During the December holidays, some friends and I were debating the problem of global climate change, and in particular the value of mitigation policies that require people to change their behaviors and lifestyles. Is it worth trying to convince people to switch off their lights when they aren’t in the room, or would it be better for governments to spend their money on R&D in the hope of developing a new technological panacea, or on efforts to deal with the impacts of climate change when they happen? Is human-induced climate change even a real thing for governments to act on?
This discussion led me to start thinking about what drives people to ignore or disbelieve scientific evidence of the dangers of climate change induced by human activity. Recent opinion polls show between 50% and 80% of the general public in the US and UK believe in climate change and its likely anthropogenic causes (see this story from ABC news and this one from the Guardian). While some might criticize the inferences that can be drawn from such opinion polls, they provide a broad indicator of the general mood on climate change. It is comforting that a majority accepts the latest scientific consensus, but I think that if we are ever to achieve the pace and type of adjustments needed to mitigate and adapt to climate change, it is the remaining proportion of people who must be convinced of, or at least be able to tolerate, the need to act against this phenomenon (for links to a selection of arguments in the online world for and against believing in anthropogenic climate change, see the end of this post).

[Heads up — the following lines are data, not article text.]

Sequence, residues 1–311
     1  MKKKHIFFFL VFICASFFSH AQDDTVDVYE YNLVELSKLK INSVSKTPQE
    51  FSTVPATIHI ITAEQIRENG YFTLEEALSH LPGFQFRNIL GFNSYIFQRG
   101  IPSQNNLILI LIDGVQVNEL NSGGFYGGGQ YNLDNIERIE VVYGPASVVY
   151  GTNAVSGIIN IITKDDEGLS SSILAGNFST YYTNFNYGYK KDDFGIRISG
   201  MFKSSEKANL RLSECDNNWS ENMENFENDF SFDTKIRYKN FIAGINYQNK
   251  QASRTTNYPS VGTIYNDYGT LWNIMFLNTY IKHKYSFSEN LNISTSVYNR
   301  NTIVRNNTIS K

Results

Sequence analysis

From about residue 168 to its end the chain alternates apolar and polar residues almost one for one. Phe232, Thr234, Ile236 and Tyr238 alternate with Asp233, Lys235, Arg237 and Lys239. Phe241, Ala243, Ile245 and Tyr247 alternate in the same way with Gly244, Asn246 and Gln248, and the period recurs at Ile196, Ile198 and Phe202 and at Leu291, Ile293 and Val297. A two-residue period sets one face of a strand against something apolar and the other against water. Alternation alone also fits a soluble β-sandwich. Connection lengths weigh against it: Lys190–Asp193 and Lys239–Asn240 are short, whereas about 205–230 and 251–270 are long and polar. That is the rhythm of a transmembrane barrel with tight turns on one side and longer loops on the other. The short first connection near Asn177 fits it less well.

While I’m no expert on these issues, my coursework at Stanford has helped to bring together ideas from different fields that have provided unexpected perspectives on the problem. So as I attended a class here on social psychology, a subject completely new to me, I began to realize just how difficult it is to move someone away from their strong beliefs, and therefore just how difficult it would be to get people to meet half-way in the debate on anthropogenic climate change.
Both “believers” and “non-believers” are approaching the question of whether we have dangerous human-induced climate change with a particular frame of reference, as people tend to do when facing any matter of judgment. In their book “Problem solving, decision making and professional judgment” (2010), my professor at Stanford, Paul Brest, and Linda Hamilton Krieger, discuss the effect of schemas on our ability to frame and solve a problem: